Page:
Mystery of Chas. Schwab's railcar solved
Letter No. 311 | May 4, 2003
I did some web sleuthing on "Google" and uncovered the following revelation that clarifies the mystery about Schwab's luxury railroad cars named "Loretto." See "www.trainweb.org/horseshoecurve-nrhs/Loretto.htm."
The (original) "Loretto" was ordered just a few short months after Schwab was namedat the youthful age of 35as the first president of a newly-created corporation....Schwab took delivery of the (original) "Loretto" on March 15, 1902. He named the car after a town in Pennsylvania; though Loretto was not his birthplace, he had lived there since the age of five, and apparently considered it his home town. The car, built to Pullman 1735, Revision E, and designated lot number 2773, carried a price tag of about $40,000....In 1917, Schwab purchased a new car....Upon its arrival, the name "Loretto" was transferred to the new car; the 1902 car was renamed the "Bethlehem" to honor the headquarters town of Bethlehem Steel..." The original "Loretto" is currently at the North Carolina Transportation Museum (information via The North Carolina Transportation Museum website).
The new private railroad car, "Loretto II," was built in 1917 for steel tycoon Charles M. Schwab by the Pullman Company at an original cost of $150,000. It is 83 feet long, weighs 80 tons, is fully furnished, and includes a private dining room, sitting room, galley, and servant's area. The luxury car has marble baths, mahogany and walnut inlays, and the original fixtures. The original furniture is intact. The interior had never been painted or altered.
Charles M. Schwab used the car frequently to travel between Loretto, PA, and New York in the first half of the 20th Century. Prior to 1975, the car had been a part of the McGee Transportation Museum in Bloomsburg, PA. In 1975, Mr. Denny J. Bixler, Vice President and General Manager of Blair County Broadcasting, saw an advertisement about the car in an issue of the Wall Street Journal and began checking on the situation. Mr. Bixler felt that the railroad car had a special significance to the Altoona area because of the city's proud railroad past and the prominence of Charles M. Schwab in the area. He was interested in trying to "round up" $16,000 to buy the museum piece and to make Altoona its permanent home.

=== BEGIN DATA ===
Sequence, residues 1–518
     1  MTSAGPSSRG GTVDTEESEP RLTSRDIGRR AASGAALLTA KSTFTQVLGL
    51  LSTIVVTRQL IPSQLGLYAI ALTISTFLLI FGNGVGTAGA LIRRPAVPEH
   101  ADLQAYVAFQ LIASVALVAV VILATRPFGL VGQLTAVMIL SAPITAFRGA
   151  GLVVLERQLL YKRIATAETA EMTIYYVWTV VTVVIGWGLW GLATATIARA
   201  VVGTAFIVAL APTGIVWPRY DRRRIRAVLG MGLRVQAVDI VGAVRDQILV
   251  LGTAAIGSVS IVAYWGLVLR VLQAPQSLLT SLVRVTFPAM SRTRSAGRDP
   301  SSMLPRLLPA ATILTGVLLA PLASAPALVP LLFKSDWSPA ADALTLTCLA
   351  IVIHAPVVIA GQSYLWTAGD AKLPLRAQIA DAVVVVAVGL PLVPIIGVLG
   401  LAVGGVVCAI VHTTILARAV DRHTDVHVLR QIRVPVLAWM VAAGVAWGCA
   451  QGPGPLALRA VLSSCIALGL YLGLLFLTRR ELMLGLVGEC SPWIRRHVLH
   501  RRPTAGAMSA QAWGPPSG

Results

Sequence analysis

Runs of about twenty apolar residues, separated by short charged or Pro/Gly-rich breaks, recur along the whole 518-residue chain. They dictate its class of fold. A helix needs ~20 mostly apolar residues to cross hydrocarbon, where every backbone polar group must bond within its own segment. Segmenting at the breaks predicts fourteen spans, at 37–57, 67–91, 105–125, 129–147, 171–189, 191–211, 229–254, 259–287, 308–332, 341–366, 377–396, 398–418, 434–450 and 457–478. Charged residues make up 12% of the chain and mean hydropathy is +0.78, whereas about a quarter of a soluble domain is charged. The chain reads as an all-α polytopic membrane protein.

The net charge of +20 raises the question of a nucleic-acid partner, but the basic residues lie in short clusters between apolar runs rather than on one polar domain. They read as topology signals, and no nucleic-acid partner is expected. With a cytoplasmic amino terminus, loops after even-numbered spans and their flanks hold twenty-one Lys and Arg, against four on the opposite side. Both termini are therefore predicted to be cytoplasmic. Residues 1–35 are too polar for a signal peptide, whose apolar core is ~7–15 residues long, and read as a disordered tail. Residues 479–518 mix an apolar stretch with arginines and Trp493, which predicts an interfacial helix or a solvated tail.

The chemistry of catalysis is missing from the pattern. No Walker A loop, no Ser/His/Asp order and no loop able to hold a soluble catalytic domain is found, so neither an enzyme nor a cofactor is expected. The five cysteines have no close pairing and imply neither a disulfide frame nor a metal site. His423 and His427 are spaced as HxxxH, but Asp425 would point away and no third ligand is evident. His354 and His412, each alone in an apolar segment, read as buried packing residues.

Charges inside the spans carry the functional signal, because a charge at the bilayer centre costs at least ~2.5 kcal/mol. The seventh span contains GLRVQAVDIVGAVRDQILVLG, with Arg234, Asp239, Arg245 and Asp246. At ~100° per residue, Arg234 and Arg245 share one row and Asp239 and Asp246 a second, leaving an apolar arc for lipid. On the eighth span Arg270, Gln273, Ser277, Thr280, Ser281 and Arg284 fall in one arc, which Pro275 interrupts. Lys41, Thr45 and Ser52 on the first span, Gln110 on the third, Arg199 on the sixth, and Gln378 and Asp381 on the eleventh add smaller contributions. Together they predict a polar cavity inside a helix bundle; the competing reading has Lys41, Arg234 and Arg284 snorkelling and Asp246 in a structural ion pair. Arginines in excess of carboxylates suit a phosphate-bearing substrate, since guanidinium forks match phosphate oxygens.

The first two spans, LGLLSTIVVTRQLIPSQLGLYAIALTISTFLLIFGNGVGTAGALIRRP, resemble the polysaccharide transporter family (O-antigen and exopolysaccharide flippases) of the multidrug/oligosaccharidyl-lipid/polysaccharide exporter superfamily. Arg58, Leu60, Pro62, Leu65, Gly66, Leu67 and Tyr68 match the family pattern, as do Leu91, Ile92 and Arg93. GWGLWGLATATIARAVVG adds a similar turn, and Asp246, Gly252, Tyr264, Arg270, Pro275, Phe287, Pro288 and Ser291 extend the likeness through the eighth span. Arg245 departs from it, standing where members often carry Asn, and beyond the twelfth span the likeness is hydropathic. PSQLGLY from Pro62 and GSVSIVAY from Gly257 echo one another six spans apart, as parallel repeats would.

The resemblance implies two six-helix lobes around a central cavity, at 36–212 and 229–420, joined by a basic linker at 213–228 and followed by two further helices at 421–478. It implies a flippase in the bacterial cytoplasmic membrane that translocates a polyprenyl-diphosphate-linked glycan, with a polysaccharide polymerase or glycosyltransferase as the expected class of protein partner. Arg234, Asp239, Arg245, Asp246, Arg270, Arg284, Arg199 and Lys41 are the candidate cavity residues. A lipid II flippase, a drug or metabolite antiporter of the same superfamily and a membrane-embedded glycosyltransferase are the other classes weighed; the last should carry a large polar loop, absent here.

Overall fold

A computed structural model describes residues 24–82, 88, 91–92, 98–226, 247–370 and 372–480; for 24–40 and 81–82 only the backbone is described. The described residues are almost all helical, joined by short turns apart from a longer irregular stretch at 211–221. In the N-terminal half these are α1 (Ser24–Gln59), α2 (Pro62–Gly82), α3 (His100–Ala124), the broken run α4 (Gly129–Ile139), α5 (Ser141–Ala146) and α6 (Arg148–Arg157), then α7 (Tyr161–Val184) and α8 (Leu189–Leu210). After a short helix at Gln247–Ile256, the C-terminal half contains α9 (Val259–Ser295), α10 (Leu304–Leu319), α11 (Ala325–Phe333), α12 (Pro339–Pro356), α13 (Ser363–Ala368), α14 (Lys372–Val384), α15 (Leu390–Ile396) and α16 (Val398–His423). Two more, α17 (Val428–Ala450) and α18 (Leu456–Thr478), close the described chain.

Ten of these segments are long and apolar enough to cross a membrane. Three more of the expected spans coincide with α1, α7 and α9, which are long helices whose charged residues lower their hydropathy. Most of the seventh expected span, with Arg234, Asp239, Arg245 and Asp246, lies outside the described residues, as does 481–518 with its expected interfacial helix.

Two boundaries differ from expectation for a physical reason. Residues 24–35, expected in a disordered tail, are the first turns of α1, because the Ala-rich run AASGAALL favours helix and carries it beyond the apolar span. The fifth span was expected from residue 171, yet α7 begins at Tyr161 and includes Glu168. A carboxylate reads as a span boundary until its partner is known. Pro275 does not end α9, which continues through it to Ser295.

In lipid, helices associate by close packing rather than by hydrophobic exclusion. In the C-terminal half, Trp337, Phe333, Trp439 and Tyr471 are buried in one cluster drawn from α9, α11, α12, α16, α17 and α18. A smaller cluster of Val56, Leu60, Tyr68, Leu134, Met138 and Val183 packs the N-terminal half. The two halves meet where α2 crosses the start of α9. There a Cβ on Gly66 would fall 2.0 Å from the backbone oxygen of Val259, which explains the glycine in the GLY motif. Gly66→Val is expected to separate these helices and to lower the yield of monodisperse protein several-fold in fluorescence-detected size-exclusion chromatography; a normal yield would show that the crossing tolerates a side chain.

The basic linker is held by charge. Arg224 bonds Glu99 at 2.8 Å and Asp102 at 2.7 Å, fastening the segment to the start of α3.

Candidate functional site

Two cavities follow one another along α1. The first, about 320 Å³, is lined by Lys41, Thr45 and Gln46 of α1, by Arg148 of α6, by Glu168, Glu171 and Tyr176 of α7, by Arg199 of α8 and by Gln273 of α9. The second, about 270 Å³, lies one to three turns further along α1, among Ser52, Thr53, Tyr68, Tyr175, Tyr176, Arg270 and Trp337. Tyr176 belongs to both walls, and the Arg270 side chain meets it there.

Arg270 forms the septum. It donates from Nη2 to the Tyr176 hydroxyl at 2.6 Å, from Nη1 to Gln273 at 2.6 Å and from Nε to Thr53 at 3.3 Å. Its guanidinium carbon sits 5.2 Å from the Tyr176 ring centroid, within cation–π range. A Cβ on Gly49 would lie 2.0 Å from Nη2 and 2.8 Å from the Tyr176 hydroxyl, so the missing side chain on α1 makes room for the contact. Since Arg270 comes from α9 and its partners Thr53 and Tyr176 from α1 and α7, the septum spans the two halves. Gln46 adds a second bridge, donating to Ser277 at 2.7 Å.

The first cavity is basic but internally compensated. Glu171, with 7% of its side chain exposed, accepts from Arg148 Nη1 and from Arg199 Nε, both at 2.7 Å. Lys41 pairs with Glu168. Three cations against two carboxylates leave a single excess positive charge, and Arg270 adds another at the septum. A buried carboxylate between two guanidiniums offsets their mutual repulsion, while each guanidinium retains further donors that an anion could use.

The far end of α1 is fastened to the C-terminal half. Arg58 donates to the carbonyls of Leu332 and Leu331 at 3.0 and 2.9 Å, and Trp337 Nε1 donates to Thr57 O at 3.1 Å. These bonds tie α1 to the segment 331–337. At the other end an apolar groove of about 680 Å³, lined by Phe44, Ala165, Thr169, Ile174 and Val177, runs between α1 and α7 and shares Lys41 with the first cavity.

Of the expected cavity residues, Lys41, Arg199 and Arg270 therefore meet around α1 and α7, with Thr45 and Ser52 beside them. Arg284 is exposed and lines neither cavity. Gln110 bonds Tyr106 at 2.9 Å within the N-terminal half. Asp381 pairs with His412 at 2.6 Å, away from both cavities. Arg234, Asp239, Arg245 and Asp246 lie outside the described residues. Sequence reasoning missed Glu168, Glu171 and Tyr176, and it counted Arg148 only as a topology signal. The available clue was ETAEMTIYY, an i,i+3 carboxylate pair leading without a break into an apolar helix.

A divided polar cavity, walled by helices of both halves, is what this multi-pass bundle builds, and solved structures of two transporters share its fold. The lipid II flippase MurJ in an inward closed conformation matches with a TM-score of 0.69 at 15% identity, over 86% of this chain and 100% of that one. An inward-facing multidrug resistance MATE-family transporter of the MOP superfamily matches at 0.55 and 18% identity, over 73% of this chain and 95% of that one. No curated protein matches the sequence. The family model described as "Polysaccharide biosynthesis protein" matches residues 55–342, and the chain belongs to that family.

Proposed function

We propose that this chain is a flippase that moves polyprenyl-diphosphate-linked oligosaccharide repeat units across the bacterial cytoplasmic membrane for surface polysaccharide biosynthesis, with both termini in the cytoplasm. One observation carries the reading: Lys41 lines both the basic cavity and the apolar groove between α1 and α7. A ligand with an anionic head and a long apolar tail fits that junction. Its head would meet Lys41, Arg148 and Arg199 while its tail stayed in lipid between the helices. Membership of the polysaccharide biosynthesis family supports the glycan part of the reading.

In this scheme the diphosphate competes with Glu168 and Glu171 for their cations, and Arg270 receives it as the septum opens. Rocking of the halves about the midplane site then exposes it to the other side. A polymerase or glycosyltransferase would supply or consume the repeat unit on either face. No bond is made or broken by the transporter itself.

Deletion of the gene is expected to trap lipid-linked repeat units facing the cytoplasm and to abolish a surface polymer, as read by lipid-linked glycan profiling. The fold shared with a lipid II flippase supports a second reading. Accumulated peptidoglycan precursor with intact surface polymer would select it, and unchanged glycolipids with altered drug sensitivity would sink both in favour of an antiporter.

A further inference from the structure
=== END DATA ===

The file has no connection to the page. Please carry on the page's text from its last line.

After that, Mr. Bixler and Mr. Fred L. Deichert, advertising manager of Gable's Department Store, presented the bank handling the sale a $3200 note, signed by the Railroaders Memorial Museum, Inc., backed by Miss Sherry D'george to hold the car until a public solicitation effort raised the necessary money. An additional $9500 was required to move the car to Altoona.